Current Affairs has written extensively about why it’s wrong to be rich. Regardless of what your precise political affiliation is, or what you think constitutes appropriate forms of government intervention, if you (1) think that human suffering is bad, (2) have the power to alleviate some of it by giving up money you don’t otherwise need, and (3) choose not to give up your money, that’s pretty clearly immoral. This species of miserliness is even more egregious when it’s perpetrated by people on the left, because the whole point of the left is that we believe in the alleviation of suffering, and the building of a world where everyone has the capacity to live a good, dignified life. If you say that you believe in economic justice, that you want a world where wealth is more evenly spread out amongst people who need it to live, but you are not willing to even give up your own surplus wealth, then you are clearly a hypocrite. “Hypocrite,” of course, is a very harsh-sounding pejorative: I don’t mean to say here that I think that rich lefties are somehow irredeemably awful. There may be all kinds of factors outside a person’s control that prevent that person from seeing their own moral position clearly, and we shouldn’t hastily assume that we are morally superior to whole swathes of people about whose inner lives we know nothing. When I say “hypocrite,” I merely mean it in the literal sense: that one’s actual behavior is at odds, consciously or unconsciously, with one’s stated principles. And, of course, since we are all fallible, we are all hypocrites at different times.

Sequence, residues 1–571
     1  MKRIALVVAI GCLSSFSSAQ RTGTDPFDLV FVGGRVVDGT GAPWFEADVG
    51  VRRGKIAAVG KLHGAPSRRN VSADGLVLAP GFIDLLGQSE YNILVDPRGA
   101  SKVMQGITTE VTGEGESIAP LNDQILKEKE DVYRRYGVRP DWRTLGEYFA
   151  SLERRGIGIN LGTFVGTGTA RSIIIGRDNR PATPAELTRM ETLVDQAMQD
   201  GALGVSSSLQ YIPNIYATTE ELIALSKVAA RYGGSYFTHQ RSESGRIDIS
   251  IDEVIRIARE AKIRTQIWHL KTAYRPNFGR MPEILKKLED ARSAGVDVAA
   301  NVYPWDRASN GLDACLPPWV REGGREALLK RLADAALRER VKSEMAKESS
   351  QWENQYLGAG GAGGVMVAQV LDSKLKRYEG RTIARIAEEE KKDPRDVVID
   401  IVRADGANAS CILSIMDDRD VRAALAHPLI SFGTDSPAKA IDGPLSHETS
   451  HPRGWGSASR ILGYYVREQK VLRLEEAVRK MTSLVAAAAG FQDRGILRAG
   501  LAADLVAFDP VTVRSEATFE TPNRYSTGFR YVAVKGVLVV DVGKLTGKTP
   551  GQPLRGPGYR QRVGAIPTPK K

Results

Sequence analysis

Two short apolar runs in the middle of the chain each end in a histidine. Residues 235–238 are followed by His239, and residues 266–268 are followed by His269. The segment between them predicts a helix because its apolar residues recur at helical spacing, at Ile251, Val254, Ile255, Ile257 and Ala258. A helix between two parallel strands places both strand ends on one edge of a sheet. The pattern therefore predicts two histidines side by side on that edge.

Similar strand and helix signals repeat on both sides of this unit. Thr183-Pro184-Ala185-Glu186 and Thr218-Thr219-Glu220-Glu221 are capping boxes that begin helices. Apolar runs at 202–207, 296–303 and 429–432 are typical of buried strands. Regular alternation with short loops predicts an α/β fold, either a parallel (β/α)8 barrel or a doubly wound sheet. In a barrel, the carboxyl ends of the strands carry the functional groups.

Hypocrisy places an individual in moral peril, of course, but it also creates strategic problems for larger political movements. If someone’s behavior is at odds with their principles, it could be that they are lying about their principles in order to achieve some ulterior goal. Or it could be that they genuinely believe themselves to be sincere in their principles, but are too morally weak, or too blinkered by the prevailing self-exculpatory groupthink of whatever social milieu they are embedded in, to put those principles into action. How do you build trust and solidarity in a movement where conduct is divorced from principle to such an extent that you can’t tell whether people are good actors, bad actors, or weak actors? How do I know whether a rich leftie is a cynical liar looking for some kind of adulation (or, worse still, some kind of virtuous smokescreen for bad behavior), or a selfish, unreflective, and/or indecisive person, who may support my goals up to a point, but will very likely throw me under the bus the minute they actually have to make some kind of significant sacrifice? I think this seriously hampers the left’s development as a serious political movement, and I don’t see any way to solve it except by insisting—especially of our leaders and spokespeople, but also of each other, as ordinary rank-and-file lefties—that everybody on the left make a positive commitment to living very modestly, and giving up whatever wealth they can spare to help people who are suffering and struggling.